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About the author:
Thomas I. Palley is an economist living in Washington D.C. He is currently an associate of the Economic Growth Program of the New America Foundation in Washington D.C. He was formerly chief economist with the U.S. - China Economic and Security Review Commission. Prior to joining the Commission he served as director of the Open Society Institute's Globalization Reform Project and as assistant director of Public Policy at the AFL-CIO.
Dr. Palley holds a B.A. degree from Oxford University and a M.A. degree in International Relations and Ph.D. in Economics, both from Yale University.
Thomas Palley is the author of:
Plenty of Nothing: The Downsizing of the American Dream and the Case for Structural Keynesianism (1998).
Post Keynesian Economics: Debt, Distribution and the Macro Economy (1996).
From Financial Crisis to Stagnation: The Destruction of Shared Prosperity and the Role of Economics (2012).
He has published in numerous academic journals, and written for The Atlantic Monthly, American Prospect and Nation magazines. His numerous op-eds are posted on his website.
The Economic Crisis: Notes from the Underground
Thomas I. Palley
This book provides a collection of short essays detailing the causes of the economic crisis and the failure of the economics profession to foresee and explain it. An old adage is "The winners get to write history" and that is proving true in the current moment. Open any major newspaper and the op-ed page contains articles by the same economists and policymakers as before the financial crash of 2008. One myth the winners are looking to promulgate is the crisis was not predicted and not predictable. This claim has a purpose as it excuses the economics profession from its catastrophic intellectual failure. The book challenges this "winners' version of history" by showing the crisis was predictable and foreseen. The articles provide easy access to both theoretical and policy controversies that continue to be important, and they also show little has been done to fix the root problems. The academy is a club and it resists change because club members benefit from their intellectual monopoly. This monopoly means politicians are all fed roughly the same policy diet. Politicians are also subject to the pull of money and money likes the existing mainstream economic paradigm. Together, this constitutes a powerful sociological system that is hard to crack. Part of cracking it is exposing the failure of economists by showing the crisis was foretold and predicted.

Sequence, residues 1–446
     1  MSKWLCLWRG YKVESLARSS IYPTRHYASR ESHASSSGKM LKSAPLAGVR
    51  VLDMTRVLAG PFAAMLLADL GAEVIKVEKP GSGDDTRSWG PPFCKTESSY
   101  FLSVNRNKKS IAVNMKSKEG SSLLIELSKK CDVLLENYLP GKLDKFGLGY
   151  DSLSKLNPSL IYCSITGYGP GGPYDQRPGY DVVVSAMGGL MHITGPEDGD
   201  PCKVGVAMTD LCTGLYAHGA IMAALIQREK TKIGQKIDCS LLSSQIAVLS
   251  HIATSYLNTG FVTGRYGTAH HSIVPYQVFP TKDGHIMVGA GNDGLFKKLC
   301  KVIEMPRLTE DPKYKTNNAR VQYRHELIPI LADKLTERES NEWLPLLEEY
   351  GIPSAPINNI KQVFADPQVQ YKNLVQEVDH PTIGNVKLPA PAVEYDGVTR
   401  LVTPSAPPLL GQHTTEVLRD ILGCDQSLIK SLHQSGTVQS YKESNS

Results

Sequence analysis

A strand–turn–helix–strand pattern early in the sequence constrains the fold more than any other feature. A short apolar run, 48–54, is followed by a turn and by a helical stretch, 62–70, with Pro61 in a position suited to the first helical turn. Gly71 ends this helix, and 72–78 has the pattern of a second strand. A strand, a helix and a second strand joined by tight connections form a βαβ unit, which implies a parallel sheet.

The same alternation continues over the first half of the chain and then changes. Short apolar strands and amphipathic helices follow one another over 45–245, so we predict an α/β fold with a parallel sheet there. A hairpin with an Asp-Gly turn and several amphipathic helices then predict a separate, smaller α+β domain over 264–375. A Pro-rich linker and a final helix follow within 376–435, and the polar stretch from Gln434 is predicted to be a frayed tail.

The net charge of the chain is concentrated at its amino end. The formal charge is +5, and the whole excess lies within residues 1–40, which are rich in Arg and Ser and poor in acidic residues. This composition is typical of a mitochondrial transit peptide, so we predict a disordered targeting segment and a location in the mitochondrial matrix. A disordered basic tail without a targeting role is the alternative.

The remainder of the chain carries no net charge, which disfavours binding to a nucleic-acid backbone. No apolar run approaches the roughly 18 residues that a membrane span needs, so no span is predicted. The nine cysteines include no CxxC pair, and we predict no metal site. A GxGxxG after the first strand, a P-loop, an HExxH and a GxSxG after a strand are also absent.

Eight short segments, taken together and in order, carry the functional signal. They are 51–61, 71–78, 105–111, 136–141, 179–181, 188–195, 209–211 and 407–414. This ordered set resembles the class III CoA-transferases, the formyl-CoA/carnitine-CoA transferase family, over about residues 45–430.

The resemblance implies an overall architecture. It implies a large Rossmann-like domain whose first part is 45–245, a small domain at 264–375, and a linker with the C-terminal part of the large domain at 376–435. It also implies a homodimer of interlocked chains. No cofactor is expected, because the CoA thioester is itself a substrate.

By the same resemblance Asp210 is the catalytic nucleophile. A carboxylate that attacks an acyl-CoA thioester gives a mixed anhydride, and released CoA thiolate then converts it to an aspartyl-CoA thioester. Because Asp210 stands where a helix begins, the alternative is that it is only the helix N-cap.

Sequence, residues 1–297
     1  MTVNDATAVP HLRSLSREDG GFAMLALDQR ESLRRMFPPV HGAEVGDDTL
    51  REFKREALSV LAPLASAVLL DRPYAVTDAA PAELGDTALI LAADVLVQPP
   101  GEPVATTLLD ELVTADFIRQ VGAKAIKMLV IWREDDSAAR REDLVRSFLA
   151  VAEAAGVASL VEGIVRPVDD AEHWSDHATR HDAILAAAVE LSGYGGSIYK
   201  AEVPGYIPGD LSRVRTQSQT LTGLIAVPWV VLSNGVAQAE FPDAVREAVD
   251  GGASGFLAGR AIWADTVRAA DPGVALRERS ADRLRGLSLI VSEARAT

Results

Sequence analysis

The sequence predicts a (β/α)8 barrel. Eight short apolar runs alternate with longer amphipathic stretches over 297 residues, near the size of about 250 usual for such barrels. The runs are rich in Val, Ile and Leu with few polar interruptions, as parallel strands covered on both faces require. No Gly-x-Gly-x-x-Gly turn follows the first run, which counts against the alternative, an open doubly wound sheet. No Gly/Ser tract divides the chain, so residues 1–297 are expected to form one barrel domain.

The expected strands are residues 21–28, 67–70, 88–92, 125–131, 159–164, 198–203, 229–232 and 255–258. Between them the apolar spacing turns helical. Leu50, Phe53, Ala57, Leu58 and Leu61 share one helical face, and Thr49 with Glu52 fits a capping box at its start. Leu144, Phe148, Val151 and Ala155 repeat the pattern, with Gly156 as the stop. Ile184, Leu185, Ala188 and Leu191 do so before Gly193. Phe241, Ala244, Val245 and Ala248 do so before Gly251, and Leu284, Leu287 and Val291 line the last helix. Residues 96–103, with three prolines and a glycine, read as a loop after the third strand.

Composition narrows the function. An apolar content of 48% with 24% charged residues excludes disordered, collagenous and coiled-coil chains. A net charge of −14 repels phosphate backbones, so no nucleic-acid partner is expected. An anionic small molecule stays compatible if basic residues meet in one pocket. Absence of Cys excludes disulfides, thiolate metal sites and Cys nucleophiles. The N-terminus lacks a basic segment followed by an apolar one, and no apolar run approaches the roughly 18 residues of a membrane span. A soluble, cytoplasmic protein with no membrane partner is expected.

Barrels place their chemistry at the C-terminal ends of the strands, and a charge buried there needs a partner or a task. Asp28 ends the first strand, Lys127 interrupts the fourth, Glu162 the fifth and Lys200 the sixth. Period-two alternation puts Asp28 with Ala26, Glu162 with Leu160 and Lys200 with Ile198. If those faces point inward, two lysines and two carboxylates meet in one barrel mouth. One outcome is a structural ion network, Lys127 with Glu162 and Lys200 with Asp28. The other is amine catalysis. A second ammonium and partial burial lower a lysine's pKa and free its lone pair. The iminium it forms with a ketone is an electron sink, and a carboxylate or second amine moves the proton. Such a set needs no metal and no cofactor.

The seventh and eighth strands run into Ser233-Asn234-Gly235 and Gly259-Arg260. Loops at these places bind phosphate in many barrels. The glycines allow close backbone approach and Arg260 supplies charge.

- Publication Date:
- 147500480X / 9781475004809
- Page Count:
- Binding Type:
- US Trade Paper
- Trim Size:
- 6" x 9"
- Black and White
- Related Categories:
- Business & Economics / Economics / General